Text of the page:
MillerKnoll Inc. will permanently lay off 162 employees as the company prepares to close a furniture manufacturing plant in Sheboygan, Wis.
According to a recent Worker Adjustment and Retraining Notification (WARN) Act filing with the state of Wisconsin, the Zeeland-based furniture manufacturer will cease operations over the coming months at the plant located at 2218 Julson Court in Sheboygan, about 50 miles north of Milwaukee.
The plant currently has 124 union and 38 non-union employees. Company officials anticipate the layoffs will begin between May 23 and June 5, and conclude no later than Sept. 29 of this year.
Kris Marubio, vice president of communications at MillerKnoll, said in an emailed statement that the decision to close the plant was made to help the company better align its resources.
“We made the decision to consolidate some production and move health care from our Sheboygan facility into other MillerKnoll locations in the U.S. that have capacity to absorb this work,” Marubio said.
Marubio added that the company is currently “bargaining the closure effects” with labor unions in an attempt to reach an agreement.
“We are enormously proud of our associates’ dedication and are committed to fairly supporting them,” Marubio said.
The Sheboygan plant originally served as a facility for Nemschoff Inc., a Wisconsin-based manufacturer of health care furnishings. Herman Miller Inc. acquired Nemschoff in 2009, and purchased the Sheboygan plant in 2011 for $63 million, according to a report in Insight Publications.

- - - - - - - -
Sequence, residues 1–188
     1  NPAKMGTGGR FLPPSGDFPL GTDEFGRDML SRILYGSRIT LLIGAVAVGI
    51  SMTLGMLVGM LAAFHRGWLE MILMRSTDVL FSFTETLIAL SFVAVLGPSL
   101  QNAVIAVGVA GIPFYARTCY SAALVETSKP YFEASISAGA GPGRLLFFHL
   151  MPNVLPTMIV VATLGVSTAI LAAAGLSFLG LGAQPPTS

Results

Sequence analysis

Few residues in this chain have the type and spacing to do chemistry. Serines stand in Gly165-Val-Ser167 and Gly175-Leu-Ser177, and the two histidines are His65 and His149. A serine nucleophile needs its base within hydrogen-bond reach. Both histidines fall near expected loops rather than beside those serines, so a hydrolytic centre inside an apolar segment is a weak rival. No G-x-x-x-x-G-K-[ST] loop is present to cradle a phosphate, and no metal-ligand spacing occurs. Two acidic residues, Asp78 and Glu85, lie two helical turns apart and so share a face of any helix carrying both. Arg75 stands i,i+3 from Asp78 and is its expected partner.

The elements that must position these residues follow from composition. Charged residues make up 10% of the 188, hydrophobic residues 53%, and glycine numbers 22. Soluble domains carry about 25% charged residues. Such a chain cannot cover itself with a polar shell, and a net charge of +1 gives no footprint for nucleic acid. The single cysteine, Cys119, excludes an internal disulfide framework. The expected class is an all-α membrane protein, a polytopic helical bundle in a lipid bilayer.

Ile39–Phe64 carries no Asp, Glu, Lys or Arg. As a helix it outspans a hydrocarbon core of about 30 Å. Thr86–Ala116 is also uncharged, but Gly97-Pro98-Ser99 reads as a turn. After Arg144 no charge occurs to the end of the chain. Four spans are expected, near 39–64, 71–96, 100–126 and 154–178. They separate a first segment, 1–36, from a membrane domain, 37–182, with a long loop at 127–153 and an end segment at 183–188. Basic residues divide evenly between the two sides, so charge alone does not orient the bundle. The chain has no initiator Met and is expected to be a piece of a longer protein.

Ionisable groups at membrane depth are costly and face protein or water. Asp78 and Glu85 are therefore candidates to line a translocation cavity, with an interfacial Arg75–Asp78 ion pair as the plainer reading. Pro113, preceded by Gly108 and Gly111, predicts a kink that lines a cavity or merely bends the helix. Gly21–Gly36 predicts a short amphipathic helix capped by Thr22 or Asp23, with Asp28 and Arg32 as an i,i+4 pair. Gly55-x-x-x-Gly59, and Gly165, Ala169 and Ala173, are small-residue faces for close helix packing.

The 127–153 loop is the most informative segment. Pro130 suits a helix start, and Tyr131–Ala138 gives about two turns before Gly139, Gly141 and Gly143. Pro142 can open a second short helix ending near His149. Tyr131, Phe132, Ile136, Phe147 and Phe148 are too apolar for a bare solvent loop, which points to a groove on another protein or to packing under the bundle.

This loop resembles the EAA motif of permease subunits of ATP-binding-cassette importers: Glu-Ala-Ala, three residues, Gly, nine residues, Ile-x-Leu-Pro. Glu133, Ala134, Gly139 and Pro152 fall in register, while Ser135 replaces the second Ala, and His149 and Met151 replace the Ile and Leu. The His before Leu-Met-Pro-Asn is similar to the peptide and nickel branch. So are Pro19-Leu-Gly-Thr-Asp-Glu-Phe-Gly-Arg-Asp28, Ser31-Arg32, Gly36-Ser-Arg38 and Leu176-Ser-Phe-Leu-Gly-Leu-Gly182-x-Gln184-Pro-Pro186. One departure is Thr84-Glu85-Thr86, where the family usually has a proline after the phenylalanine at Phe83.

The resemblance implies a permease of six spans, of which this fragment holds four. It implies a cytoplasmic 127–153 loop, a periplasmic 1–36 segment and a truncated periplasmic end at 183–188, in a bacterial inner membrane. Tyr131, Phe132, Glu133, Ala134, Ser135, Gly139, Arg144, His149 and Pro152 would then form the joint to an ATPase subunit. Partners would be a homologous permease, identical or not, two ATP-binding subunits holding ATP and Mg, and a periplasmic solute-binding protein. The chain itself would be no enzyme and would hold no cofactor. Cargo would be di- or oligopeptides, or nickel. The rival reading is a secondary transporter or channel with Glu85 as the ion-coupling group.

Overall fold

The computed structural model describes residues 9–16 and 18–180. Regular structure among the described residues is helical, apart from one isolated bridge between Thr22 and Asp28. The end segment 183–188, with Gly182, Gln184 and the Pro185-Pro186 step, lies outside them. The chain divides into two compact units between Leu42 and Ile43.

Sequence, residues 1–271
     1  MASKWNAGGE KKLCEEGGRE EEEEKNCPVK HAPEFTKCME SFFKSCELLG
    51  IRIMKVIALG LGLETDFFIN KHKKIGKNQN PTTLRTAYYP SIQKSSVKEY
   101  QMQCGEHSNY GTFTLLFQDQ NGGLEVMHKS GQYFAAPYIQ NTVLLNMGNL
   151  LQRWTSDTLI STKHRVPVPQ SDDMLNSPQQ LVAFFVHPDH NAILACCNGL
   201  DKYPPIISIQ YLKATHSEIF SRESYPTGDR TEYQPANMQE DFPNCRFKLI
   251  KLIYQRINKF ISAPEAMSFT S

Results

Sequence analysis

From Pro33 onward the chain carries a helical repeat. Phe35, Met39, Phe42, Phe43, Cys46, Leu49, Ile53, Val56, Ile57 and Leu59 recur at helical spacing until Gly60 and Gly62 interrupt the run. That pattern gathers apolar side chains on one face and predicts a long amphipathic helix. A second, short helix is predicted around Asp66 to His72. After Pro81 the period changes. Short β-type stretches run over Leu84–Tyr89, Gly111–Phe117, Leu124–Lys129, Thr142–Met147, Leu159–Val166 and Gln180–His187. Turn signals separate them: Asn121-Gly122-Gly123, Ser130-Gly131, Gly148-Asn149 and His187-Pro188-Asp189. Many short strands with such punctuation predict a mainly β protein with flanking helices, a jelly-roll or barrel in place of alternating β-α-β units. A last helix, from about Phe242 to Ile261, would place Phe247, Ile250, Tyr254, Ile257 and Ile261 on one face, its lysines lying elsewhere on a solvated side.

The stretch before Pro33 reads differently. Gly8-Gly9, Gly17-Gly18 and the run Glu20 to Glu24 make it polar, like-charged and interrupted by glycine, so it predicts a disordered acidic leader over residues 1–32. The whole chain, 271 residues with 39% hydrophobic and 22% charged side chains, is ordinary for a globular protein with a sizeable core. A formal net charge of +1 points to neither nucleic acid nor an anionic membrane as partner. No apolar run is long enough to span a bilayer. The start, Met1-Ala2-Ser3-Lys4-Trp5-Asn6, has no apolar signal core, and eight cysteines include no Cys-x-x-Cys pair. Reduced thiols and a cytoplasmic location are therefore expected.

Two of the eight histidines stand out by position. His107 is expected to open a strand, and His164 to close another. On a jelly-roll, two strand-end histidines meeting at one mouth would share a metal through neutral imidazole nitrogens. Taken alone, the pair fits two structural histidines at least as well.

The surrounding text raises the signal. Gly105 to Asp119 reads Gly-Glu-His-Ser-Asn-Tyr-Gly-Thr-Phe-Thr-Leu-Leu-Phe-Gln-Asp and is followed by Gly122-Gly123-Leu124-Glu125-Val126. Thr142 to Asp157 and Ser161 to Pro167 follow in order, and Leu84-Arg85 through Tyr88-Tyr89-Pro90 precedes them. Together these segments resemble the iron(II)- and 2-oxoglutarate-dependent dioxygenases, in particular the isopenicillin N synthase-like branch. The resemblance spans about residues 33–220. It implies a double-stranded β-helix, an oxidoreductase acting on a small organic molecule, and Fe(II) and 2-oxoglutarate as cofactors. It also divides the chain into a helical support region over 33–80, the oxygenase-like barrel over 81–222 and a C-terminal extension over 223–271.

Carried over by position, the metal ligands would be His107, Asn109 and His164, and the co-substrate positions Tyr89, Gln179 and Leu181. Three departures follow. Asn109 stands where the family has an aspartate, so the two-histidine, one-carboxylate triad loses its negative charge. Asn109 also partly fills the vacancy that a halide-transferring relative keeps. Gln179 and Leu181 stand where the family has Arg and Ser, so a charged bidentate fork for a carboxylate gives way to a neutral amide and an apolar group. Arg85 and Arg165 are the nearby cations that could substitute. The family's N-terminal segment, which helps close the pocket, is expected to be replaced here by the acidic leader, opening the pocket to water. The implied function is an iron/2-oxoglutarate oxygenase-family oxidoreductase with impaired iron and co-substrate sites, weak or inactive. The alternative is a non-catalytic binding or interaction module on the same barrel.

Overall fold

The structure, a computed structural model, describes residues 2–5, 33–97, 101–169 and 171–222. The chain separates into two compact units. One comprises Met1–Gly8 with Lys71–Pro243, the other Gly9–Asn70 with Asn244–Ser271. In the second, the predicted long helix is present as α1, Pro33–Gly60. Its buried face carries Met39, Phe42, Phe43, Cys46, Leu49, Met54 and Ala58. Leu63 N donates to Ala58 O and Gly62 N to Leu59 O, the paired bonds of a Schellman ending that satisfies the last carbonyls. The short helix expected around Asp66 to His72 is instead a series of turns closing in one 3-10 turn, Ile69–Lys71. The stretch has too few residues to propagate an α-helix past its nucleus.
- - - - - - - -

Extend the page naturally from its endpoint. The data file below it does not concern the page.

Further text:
MillerKnoll formed in 2021 under the $1.8 billion blockbuster merger of Herman Miller and Knoll Inc.
The plant closure involving MillerKnoll’s health care furnishings segment comes as the company grapples with ongoing challenges in the office furniture industry with continued return-to-office uncertainty.
The company recently reported $987.4 million in sales for the third quarter of its 2023 fiscal year, indicating a 4.4-percent decline from a year ago.
“During the past few months, general economic uncertainty, and the impact of rising interest rates, have weighed on business and consumer sentiment levels,” CFO Jeff Stutz said during a recent quarterly earnings call. “The result has been slowing demand patterns and further delays in customer return-to-office timelines.”
In the current fourth quarter, MillerKnoll expects sales to decline to $930 million to $970 million compared to the $1.1 billion recorded for the same period a year ago.